Sorting is not recycling: Steel’s role in driving a circular economy
November 9, 2021
I will start with a bold statement – metal is the next global ESG story. Decarbonisation of steel cannot happen without recycling of scrap metal and its participation in the circular economy of steel.
Steel is the building block of any society and with geo-political changes post COVID-19, steel manufacturing is now part of a resilient sovereign infrastructure – no different to water or electricity.
This week is National Recycling Week in Australia – the 25th year of the initiative and a time for all to reflect on the impact we have on the planet and environmental sustainability. We are no longer talking about recycling as simply a ‘feel good’ sentiment, but instead as a ‘mission critical’ for humanity. While there will be those who get on the band wagon this week and join the chorus, the question to be asked is: ‘what are we doing post sorting?’ Because sorting is not recycling. Recycling is participation of the resources recovered back into the economy – unless it is done and consumed, we are not doing recycling.
These themes, which are a focus for us every day at InfraBuild, take on extra clarity this year through the lens of the COP-26 event in Glasgow, and the international focus on sustainability and decarbonisation.
The steel industry is rising to this challenge. Ahead of COP-26, the Mission Possible Partnership, through its Net-Zero Steel Initiative (NZSI), released its roadmap for the global steel sector to reach net-zero emissions by 2050. The industry-backed roadmap includes, among other key areas, a focus on bringing zero-carbon primary steel production technologies to market by 2030 and accelerating the growth of scrap-based production.
For some time now, as part of our journey towards decarbonisation at InfraBuild, we have been contributing to the circular economy and a more sustainable society. We are already on the road to making sustainable steel.
Every year our domestic recycling facilities recover about 1.4 million tonnes of recycled metals for our Electric Arc Furnaces (EAFs) to manufacture the steel needed for residential and commercial construction, and Australia’s nation-building and infrastructure projects. Through this we make a significant contribution to our journey towards making low carbon emissions steel.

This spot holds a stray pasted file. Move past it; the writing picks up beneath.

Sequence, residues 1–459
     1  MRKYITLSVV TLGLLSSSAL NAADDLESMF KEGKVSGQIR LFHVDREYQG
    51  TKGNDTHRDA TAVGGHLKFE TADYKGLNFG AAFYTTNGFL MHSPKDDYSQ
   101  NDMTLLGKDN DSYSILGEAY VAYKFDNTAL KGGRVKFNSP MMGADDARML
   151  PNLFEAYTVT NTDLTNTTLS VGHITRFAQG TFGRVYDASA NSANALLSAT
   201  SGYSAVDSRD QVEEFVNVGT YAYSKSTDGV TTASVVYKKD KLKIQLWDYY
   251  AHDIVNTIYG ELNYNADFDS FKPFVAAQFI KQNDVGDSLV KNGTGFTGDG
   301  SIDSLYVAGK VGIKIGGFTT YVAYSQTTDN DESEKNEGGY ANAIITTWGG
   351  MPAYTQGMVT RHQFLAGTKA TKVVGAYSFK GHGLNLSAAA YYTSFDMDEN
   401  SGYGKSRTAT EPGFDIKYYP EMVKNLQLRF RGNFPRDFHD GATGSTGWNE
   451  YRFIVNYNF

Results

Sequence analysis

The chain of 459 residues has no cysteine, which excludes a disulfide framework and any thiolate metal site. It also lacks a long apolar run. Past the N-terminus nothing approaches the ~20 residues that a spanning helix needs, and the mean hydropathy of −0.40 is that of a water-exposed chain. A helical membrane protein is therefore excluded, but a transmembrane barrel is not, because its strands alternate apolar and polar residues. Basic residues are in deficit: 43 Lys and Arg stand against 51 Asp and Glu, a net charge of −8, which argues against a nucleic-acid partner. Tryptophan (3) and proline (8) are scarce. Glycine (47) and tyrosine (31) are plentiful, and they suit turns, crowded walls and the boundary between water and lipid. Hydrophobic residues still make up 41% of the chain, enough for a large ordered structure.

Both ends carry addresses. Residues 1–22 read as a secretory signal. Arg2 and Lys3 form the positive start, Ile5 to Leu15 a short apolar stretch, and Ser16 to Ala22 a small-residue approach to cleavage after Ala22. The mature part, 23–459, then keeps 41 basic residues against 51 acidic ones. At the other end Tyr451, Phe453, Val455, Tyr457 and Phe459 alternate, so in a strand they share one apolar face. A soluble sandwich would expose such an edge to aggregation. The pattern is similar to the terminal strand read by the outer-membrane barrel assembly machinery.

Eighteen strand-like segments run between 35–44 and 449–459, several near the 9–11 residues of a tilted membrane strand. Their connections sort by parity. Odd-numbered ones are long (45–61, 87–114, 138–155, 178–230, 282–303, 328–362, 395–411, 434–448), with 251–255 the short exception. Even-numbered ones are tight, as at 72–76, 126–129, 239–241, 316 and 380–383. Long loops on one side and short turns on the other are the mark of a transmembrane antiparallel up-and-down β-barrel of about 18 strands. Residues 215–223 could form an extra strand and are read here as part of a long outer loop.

Consider this: in comparison to traditional blast furnace steelmaking, as an EAF steel manufacturer we produce steel with almost 80% reduction in carbon emissions per tonne of steel, and 64% less electricity use according to WorldSteel Association data. From an environmental viewpoint, it’s good for the planet.
We significantly reduce the amount of scrap steel that is either thrown out or dumped illegally. By upcycling scrap metal through our EAFs in Sydney and Melbourne, we reduce the drain on natural resources, such as iron ore and coking coal, that are required when making primary steel through blast furnace methods.
Recycling one tonne of steel scrap saves 1.5 tonnes of CO2, 1.4 tonnes of iron ore, 740kg of coal and 120kg of limestone. Globally, around 650 Mt per year of scrap is consumed each year for steel production. This avoids the emission of about 975 Mt of CO2 annually and significantly reduces the use of natural resources.
With 26 recycling facilities around Australia, we offer local recycling solutions for households, local government, mining, demolition, automotive and waste companies. Our recycling capabilities and service helps everyone participate in the circular economy. We provide a pathway from collection, to processing and ultimately transforming scrap metal into a valuable resource and providing a socially, environmentally, and economically responsible alternative to landfill. And this extends around the world through our global operations, with scrap metal facilities in the US (Tampa, Florida and LaPlace, Louisiana) and our recycling export terminal in Gdansk, Poland.
Recycling metal reduces pollution, saves resources, and reduces waste going to landfill. Coupled with the fact that steel is recyclable over-and-over again with no loss in quality each time, it’s clear that metals recycling is an integral part of the circular economy. It’s good for future generations.
We can all help with metals sorting – let us recycle it for you.
Vik Bansal is the CEO and Managing Director of InfraBuild.
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